Nutritionally Essential

Quality fats and oils are nutritionally essential. The body uses fatty acids to store energy. Also, polyunsaturated fats contain fatty acids that are necessary for synthesizing hormones, making fat-soluble vitamins available to the body, and maintaining the flexibility of cell membranes. Stored fat, as much as we want to get rid of it, provides a source of energy for the body, protects organs and insulates the body to keep it warm.

Nutritionists now know that if you don't get enough good fats in your diet, your body will store fat in order to perform its daily functions. So, if you're trying to lose weight, maintaining a low-fat or fat-free diet can actually defeat the purpose: EFAs are necessary to ensure normal burning of stored fat by muscle tissue. They also help the body burn calories more efficiently.

Healthy Fat Choices


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The ideal amount: No more than 30% of your total daily calories should come from fat, and definitely no more than 10% should come from saturated fats.
By eating a diet high in vegetables, fruits, grains and beans, you'll automatically tend toward the healthiest ratio of fats in your diet. If you're going to eat animal products, eat mostly fish, seafood, skinless poultry and small portions of beef. Use oils sparingly, stick to the monounsaturated and polyunsaturated varieties and choose ones that are unrefined and cold-pressed. To get your EFAs, use flaxseed oil for salad dressing, or drizzle some lightly on steamed vegetables.
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When it comes to cooking, be aware that different oils respond better to different temperatures. Some have lower smoking points and are appropriate for sauteeing. I personally prefer butter or coconut oil if I am going to heat a fat.

Rule of Thumb:

Be sure to steer clear from oils high in Omega-6s (safflower, sunflower, corn, cottonseed, canola, soybean and peanut) and load up on rich sources of natural Omega-3s (wild fish, flaxseed, chia seeds, walnuts and grass-fed animal products). There is a type of Omega-6 fat you want to try and get in your diet called GLA.  GLA (gamma-linoleic acid) can be taken in supplement form by using evening primrose oil or borage oil and it’s also found in hemp seeds.  Studies have shown supplementing with GLA can support healthy progesterone levels.

Monday, June 1, 2015

7 Steps to Healthy Hormones - Step 4: Supplement with Vitamin D3

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Vitamin D is more than a vitamin. It really is a prohormone, a substance that the body converts to a hormone. The skin makes vitamin D after exposure to sunlight. Vitamin D is absorbed from certain foods, such as dairy products and certain oily fish, such as salmon, mackerel, and sardines. Vitamin D has its effects by binding to a protein (called the vitamin D receptor). This receptor is present in nearly every cell in the body and affects many different body processes.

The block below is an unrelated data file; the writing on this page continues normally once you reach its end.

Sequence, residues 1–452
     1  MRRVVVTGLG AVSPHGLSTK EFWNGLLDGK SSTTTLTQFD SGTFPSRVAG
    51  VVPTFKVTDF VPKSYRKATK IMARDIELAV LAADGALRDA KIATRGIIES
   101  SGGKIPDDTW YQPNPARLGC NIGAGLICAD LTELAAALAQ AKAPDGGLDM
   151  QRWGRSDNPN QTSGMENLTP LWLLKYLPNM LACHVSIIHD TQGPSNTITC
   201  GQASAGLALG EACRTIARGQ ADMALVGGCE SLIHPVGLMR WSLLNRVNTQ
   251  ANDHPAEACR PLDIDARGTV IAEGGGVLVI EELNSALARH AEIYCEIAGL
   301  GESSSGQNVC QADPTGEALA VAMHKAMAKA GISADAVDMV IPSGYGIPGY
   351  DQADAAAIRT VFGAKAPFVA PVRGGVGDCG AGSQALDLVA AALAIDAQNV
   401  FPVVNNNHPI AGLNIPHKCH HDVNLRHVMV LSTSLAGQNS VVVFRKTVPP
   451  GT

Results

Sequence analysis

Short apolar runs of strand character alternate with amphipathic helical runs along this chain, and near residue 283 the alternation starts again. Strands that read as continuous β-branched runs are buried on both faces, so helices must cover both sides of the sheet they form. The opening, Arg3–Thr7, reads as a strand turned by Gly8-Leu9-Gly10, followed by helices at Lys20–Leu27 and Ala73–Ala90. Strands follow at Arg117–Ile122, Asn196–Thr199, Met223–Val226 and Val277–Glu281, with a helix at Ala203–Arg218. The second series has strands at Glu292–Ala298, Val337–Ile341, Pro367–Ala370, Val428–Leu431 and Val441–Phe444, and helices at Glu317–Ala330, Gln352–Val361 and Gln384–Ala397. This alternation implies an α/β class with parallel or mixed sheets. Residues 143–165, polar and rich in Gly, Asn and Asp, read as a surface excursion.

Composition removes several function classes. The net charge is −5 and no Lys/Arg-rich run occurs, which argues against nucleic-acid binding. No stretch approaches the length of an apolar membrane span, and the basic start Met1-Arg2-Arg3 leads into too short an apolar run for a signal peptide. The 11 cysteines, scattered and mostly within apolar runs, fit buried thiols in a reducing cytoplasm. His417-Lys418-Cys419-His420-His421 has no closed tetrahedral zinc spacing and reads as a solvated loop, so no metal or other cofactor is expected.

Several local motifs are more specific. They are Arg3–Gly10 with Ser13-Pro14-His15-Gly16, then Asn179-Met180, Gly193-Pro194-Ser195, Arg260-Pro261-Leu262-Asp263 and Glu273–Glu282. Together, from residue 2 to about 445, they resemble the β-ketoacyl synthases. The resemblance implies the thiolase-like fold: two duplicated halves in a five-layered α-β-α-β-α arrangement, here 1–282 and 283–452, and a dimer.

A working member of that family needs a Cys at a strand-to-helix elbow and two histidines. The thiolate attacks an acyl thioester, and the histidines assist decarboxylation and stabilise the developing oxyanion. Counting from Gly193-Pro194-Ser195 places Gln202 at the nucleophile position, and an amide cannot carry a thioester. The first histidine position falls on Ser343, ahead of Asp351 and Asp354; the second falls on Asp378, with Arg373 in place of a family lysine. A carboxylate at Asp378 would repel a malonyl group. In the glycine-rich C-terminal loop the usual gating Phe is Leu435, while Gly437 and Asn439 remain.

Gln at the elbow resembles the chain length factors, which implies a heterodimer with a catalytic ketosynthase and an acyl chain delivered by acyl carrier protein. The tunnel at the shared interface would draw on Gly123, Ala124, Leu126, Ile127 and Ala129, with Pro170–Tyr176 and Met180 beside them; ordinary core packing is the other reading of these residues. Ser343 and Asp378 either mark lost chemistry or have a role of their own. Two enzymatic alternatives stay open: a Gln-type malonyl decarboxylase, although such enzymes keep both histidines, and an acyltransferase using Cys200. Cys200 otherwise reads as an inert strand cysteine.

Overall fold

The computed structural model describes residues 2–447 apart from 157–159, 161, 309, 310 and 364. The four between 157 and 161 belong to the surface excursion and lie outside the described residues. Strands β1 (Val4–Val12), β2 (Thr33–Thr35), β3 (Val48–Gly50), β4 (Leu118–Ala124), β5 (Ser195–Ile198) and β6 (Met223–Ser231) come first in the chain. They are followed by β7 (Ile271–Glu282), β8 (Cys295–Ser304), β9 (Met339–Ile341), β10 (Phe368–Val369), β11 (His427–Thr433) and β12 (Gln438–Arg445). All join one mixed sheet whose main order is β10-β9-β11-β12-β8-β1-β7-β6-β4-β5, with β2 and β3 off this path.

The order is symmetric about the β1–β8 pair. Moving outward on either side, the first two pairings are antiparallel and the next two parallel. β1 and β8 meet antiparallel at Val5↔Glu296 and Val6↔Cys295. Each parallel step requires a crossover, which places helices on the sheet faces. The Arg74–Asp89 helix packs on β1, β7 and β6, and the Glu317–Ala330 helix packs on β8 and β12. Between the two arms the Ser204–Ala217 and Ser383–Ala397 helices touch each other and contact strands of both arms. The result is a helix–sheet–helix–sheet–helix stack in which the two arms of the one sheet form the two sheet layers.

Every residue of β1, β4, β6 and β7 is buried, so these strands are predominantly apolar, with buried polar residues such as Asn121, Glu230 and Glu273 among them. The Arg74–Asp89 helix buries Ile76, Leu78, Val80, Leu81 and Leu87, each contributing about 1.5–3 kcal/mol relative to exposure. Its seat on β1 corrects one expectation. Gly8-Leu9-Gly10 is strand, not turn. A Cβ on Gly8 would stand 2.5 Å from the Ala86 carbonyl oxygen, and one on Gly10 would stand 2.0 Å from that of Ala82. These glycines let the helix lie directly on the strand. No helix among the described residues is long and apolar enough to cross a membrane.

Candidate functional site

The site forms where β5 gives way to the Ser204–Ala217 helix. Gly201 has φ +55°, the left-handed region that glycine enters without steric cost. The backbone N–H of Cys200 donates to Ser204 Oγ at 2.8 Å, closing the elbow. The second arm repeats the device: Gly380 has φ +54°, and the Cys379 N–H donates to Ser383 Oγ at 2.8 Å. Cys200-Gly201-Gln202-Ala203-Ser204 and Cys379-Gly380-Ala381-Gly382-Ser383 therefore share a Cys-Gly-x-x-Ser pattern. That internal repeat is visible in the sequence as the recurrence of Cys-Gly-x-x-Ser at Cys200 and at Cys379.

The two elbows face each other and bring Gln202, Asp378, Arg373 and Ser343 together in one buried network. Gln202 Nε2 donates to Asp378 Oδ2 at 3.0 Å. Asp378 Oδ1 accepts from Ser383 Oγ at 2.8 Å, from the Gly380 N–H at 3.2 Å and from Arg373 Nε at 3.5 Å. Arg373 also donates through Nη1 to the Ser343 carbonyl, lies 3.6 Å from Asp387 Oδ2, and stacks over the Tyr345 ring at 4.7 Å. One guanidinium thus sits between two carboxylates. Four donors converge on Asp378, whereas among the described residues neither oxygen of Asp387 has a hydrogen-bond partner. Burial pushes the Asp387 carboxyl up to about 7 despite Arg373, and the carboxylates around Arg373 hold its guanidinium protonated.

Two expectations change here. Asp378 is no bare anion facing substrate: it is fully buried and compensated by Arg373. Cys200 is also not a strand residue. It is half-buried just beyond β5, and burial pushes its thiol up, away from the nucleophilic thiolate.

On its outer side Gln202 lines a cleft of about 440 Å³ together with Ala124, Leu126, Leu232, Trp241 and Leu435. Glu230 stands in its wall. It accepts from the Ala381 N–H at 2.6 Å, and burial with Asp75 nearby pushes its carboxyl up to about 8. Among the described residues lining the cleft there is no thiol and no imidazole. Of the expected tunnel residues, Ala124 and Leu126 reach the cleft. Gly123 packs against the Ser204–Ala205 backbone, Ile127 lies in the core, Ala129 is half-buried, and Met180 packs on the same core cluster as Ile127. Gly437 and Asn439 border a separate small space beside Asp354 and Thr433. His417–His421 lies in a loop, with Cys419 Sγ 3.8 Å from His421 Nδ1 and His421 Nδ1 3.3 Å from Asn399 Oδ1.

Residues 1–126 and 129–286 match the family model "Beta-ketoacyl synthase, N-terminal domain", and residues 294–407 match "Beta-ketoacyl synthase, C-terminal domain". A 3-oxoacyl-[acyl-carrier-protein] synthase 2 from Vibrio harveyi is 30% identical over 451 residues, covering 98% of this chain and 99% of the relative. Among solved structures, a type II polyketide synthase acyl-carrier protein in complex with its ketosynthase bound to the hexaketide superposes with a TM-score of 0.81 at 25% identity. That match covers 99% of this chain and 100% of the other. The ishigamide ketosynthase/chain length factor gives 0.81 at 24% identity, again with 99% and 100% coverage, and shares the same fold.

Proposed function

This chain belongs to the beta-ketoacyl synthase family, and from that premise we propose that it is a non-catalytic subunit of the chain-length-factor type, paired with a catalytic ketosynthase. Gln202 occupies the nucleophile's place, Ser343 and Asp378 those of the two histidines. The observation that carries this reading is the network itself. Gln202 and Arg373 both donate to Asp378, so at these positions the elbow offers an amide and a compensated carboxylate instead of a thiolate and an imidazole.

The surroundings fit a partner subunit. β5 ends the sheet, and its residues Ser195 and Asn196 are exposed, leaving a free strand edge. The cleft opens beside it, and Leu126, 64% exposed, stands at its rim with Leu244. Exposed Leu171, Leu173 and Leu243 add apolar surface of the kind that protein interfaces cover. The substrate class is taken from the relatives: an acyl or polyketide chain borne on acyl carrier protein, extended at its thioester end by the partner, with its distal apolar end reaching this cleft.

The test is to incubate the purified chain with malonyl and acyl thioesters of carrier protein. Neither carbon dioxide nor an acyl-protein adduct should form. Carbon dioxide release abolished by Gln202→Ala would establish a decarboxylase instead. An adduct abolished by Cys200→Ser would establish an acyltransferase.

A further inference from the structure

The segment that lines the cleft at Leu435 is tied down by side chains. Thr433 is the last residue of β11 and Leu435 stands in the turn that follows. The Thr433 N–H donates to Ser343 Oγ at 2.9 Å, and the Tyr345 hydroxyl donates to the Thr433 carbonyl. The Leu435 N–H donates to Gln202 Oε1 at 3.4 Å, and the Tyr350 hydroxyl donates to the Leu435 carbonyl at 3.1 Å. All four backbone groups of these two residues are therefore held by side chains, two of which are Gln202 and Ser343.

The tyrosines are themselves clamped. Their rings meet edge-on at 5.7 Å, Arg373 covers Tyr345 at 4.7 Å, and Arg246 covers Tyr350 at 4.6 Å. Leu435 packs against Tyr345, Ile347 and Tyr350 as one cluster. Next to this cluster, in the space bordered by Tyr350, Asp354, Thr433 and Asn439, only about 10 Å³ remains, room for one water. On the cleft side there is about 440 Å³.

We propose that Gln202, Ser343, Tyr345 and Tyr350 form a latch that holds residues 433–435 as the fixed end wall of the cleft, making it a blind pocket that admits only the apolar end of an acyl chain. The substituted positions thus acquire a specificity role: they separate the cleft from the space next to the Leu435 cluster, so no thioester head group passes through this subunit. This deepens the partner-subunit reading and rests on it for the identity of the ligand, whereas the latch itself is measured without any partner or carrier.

In the past decade, medical researchers have learned that vitamin D plays a much greater role in maintaining our overall health than previously thought.  Until recently, it was believed that vitamin D’s primary role was to maintain the proper balance of calcium and phosphorus needed to build and maintain healthy bones, and that it was activated only by the kidneys. However, research by Michael F. Holick, MD, PhD, revealed that nearly all cells in the body contain vitamin D receptors, which allow them to convert circulating (inactive) vitamin D3 into the active hormone. With enough vitamin D in the bloodstream to regulate calcium, the “extra” vitamin D is recruited and activated by cells all over the body.

According to an article from the American Journal of Clinical Nutrition, Vitamin D3’s role in promoting human life is more profound than previously suspected.

“These physiologic arenas are the adaptive immune system, the innate immune system, insulin secretion by the pancreatic β cell, multifactorial heart functioning and blood pressure regulation, and brain and fetal development.”

This is why people who live in dark areas suffer from significant depression and health disorders unless they supplement. For many people, optimal vitamin D levels may require a combination of sun exposure, dietary sources of vitamin D, and supplements as needed.

Many people who are deficient in vitamin D exhibit symptoms that are easily confused with other conditions.  For example, chronic pain in muscles, joints, and bones is often misdiagnosed as fibromyalgia, chronic fatigue or myalgia. Seasonal affective disorder (SAD) is another potential sign of vitamin D deficiency. SAD can be misdiagnosed as depression or bipolar disorder. It is often remedied by exposure to sunshine, UVB rays, or vitamin D. Chronic diseases, such as periodontal disease, loose teeth, and high blood pressure, can also be signs of vitamin D deficiency.  A compromised resistance to infection is also sometimes associated with inadequate vitamin D, which we now know is critical for immune system function.

Women who breastfeed can deplete their vitamin D reserves. Subsequently, their breastfed infants also tend to be vitamin D deficient. Several studies have also shown that vitamin D deficiency is common among postmenopausal women, probably due to age related decline in vitamin D production, as well as changes in body composition. Of particular interest to women of childbearing age is a report from Dr. Ellie Campbell, who noted that many of her female patients who were struggling with infertility also tested remarkably low in vitamin D.  When these women were given supplements to restore their vitamin D levels, they were able to get pregnant. Polycystic ovary syndrome, another prevalent cause of infertility, is also associated with low vitamin D levels, Dr. Campbell reports.  In addition, PMS and dysfunctional bleeding may also be associated with a vitamin D deficiency.